Video

The Music Of William Onyeabor Live On The Tonight Show

The 'Atomic Bomb' band with David Byrne, Sinkane, the Lijadu Sisters and more perform William Onyeabor classic 'Fantastic Man' live on The Tonight Show.


Three decades after the fact, the music of William Onyeabor has officially reached late night television audiences. Last night the Atomic Bomb band hit The Tonight Show to perform their rendition of Onyeabor's funky-synth anthem "Fantastic Man." Decked in Onyeabor's signature cowboy hat look, the live tribute supergroup ensemble brought the sort of bubbly spirit we've grown to expect from Who Is William Onyeabor mania. Luaka Bop founder and Talking Heads frontman David Byrne led the non-egotistical ego trip along with the Lijadu Sisters on the mics up front, musical director Sinkane and a bouncy Money Mark on keys, and LCD Soundsystem's Pat Mahoney on drums. The Tonight Show performance comes in the lead-up to the stateside premiere of ATOMIC BOMB! The Music Of William Onyeabor, a two-night live spectacle in tribute to the music of the Nigerian synth-funk "mystery man." If you're in NYC, catch the Atomic Bomb band at BAM this weekend as a part of Red Bull Music Academy New York or head to Luaka Bop for details on the San Francisco (5/6) and L.A. (5/8) shows.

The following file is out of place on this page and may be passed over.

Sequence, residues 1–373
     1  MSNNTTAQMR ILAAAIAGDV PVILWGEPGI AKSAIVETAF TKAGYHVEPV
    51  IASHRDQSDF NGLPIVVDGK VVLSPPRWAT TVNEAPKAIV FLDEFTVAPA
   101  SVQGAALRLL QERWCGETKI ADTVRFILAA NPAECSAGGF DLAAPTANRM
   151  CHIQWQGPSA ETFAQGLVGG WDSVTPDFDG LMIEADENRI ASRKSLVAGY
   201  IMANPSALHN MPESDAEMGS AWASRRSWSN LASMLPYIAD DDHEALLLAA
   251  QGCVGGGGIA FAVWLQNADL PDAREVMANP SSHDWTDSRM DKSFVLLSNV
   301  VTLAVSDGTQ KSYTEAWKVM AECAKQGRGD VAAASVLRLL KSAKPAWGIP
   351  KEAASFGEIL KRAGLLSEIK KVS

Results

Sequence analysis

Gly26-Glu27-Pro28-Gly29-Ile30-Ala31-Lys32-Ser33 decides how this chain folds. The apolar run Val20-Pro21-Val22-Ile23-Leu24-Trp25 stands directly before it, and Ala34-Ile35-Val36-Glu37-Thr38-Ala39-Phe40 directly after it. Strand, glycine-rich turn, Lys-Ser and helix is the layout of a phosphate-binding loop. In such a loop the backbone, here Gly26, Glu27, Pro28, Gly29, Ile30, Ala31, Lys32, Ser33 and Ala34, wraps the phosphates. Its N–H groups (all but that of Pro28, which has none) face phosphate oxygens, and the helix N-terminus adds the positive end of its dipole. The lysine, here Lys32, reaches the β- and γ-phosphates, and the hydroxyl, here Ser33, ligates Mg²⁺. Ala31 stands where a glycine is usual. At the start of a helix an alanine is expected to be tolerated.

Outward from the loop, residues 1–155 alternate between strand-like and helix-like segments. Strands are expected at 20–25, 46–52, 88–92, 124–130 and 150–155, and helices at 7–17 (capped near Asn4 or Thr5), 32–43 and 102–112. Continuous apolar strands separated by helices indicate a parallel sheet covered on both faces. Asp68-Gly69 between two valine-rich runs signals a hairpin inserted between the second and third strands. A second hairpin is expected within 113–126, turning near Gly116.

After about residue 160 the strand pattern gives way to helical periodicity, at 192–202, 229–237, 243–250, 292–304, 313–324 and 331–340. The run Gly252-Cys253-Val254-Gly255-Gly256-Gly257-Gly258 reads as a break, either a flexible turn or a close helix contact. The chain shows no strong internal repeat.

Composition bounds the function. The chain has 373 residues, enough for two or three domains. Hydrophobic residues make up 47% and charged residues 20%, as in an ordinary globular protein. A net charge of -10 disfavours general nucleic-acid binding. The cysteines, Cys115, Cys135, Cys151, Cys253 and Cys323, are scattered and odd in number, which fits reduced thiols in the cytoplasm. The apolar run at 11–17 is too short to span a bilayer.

Music
Photo by Don Paulsen/Michael Ochs Archives/Getty Images

Hugh Masekela's New York City Legacy

A look back at the South African legend's time in New York City and his enduring presence in the Big Apple.

In Questlove's magnificent documentary, Summer of Soul, he captures a forgotten part of Black American music history. But in telling the tale of the 1969 Harlem Cultural Festival, the longtime musician and first-time filmmaker also captures a part of lost South African music history too.

Among the line-up of blossoming all-stars who played the Harlem festival, from a 19-year-old Stevie Wonder to a transcendent Mavis Staples, was a young Hugh Masekela. 30 years old at the time, he was riding the wave of success that came from releasing Grazing in the Grass the year before. To watch Masekela in that moment on that stage is to see him at the height of his time in New York City — a firecracker musician who entertained his audiences as much as he educated them about the political situation in his home country of South Africa.

The legacy Masekela sowed in New York City during the 1960s remains in the walls of the venues where he played, and in the dust of those that are no longer standing. It's in the records he made in studios and jazz clubs, and on the Manhattan streets where he once posed with a giant stuffed zebra for an album cover. It's a legacy that still lives on in tangible form, too, in the Hugh Masekela Heritage Scholarship at the Manhattan School of Music.

The school is the place where Masekela received his education and met some of the people that would go on to be life-long bandmates and friends, from Larry Willis (who, as the story goes, Masekela convinced to give up opera for piano) to Morris Goldberg, Herbie Hancock and Stewart Levine, "his brother and musical compadre," as Mabusha Masekela, Bra Hugh's nephew says.

Keep reading... Show less

get okayafrica in your inbox

popular.